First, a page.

How do you support youth in your community?
For my series of articles this year, I would like to dive deeper into Developmental Assets — factors all youth need to thrive and that are critical for their growth and development, according to the Search Institute out of Minneapolis, Minnesota.
At the Buddy Program we weave these assets into our work with youth and families, as well as with volunteers who work directly with these youth.
The Search Institute breaks the 40 assets into two categories: External (positive experiences that youth should be receiving) and Internal (qualities that young people should be developing within themselves).
We will start with Internal Assets and work our way through all 40 throughout the year.
The first Internal Asset listed is support. Support comes in a variety of ways and the Institute breaks it down as:
• Family support: Family life provides high levels of love and support.
• Positive family communication: The youth and her or his parents communicate positively, and the youth is willing to seek advice and counsel from parents.
• Other adult relationships: The youth receives support from three or more nonparent adults.
• Caring neighborhood: The youth experiences caring neighbors.
• Caring school climate: School provides a caring, encouraging environment.
• Parent involvement in schooling: Parents are actively involved in helping the youth to succeed in school.
Most of us can identify the family support systems in place for our own children, and it is important to think about how these support systems extend from our own families into our community. While our schools and neighbors do the best they can to provide support for their youth, we all play a role in working with all of the youth in our communities.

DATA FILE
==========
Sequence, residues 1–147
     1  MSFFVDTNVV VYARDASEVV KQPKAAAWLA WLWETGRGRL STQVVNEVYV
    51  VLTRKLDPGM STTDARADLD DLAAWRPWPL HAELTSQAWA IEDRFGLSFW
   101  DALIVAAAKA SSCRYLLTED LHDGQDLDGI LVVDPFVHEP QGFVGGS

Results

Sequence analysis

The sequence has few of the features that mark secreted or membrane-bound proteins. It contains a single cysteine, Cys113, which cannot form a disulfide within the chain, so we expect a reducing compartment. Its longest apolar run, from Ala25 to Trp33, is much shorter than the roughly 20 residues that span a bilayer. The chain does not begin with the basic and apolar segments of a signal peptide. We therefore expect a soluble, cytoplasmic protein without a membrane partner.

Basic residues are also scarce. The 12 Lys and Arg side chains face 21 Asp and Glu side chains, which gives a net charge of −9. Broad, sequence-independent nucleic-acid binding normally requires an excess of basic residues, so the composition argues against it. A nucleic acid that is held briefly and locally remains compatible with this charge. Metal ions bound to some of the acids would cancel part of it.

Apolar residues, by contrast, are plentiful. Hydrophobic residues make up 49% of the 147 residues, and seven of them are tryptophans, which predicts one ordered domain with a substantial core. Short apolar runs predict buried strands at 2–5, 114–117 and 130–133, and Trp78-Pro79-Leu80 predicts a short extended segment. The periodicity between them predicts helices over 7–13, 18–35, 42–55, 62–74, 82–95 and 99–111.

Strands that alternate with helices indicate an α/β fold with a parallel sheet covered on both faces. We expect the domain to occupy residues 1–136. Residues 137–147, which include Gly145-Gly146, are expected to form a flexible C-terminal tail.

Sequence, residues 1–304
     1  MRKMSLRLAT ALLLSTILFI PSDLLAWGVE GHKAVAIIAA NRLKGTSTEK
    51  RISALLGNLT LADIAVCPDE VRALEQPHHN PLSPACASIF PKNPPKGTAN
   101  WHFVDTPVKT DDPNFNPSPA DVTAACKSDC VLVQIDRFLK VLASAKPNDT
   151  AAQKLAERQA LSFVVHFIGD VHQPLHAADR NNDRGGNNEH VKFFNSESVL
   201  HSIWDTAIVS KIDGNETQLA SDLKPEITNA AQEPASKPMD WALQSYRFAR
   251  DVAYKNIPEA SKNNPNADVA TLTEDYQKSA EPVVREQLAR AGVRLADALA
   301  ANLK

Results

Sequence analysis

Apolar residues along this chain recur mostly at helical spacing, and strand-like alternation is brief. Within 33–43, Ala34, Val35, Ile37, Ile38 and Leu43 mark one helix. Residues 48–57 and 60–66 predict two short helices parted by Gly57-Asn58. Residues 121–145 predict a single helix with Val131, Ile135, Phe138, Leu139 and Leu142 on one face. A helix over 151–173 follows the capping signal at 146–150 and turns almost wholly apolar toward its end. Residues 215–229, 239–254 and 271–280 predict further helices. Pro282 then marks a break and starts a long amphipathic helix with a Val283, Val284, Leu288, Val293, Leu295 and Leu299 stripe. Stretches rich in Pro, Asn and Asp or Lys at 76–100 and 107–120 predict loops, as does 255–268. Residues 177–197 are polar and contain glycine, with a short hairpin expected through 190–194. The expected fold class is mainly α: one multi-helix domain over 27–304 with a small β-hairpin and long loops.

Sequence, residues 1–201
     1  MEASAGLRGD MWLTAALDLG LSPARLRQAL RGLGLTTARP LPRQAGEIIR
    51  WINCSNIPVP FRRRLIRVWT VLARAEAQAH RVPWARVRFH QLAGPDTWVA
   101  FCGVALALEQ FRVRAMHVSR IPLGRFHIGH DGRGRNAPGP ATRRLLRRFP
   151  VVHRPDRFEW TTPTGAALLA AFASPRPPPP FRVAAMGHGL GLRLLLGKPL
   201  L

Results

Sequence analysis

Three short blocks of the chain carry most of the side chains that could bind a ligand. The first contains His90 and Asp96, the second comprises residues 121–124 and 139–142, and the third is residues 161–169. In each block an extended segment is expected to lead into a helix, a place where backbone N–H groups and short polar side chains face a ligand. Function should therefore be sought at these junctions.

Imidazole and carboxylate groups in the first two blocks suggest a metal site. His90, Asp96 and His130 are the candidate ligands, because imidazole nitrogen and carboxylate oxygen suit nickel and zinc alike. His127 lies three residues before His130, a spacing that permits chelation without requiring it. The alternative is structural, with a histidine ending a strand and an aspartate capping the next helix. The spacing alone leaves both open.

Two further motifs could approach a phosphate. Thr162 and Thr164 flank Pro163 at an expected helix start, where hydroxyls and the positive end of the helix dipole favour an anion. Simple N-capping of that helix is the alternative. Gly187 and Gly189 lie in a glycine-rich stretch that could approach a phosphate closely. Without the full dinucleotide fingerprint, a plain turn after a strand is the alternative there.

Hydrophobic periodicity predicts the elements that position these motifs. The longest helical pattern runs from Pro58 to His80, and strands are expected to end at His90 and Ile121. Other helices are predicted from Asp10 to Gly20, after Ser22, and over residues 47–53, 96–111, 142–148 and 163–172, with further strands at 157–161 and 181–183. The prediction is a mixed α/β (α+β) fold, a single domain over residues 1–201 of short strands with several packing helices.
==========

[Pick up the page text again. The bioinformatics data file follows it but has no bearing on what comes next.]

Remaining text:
I challenge you to be a part of this support network for not just your own youth, but a child next door, a classmate of your child’s or perhaps a child you know through sports or church.
The National Mentoring Partnership released a study this year indicating that nine million at-risk youth will reach age 19 without having a mentor — and are therefore less likely to graduate high school, go on to college, and lead healthy and productive lives.
While formal mentoring relationships can exist in programs like the Buddy Program or YouthZone’s Pal’s Program, they also can exist in informal settings: a coach to a player; a youth pastor to a youth group attendee; an empty nester neighbor to the middle school student next door.
You can play a part in shoring up this support system that is so critical for youth in our communities.
For more information on mentoring youth from Aspen to Carbondale call the Buddy Program at 927-1001. For more information on mentoring youth from Glenwood Springs to Rifle, call YouthZone at 945-9300.
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